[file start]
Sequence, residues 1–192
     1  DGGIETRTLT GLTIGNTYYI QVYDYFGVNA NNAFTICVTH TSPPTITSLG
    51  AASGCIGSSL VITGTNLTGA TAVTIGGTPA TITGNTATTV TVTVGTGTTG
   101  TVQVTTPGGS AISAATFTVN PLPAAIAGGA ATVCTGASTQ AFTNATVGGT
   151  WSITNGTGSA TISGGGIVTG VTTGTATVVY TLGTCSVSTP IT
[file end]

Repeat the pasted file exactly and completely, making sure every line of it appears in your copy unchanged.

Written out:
Sequence, residues 1–192
     1  DGGIETRTLT GLTIGNTYYI QVYDYFGVNA NNAFTICVTH TSPPTITSLG
    51  AASGCIGSSL VITGTNLTGA TAVTIGGTPA TITGNTATTV TVTVGTGTTG
   101  TVQVTTPGGS AISAATFTVN PLPAAIAGGA ATVCTGASTQ AFTNATVGGT
   151  WSITNGTGSA TISGGGIVTG VTTGTATVVY TLGTCSVSTP IT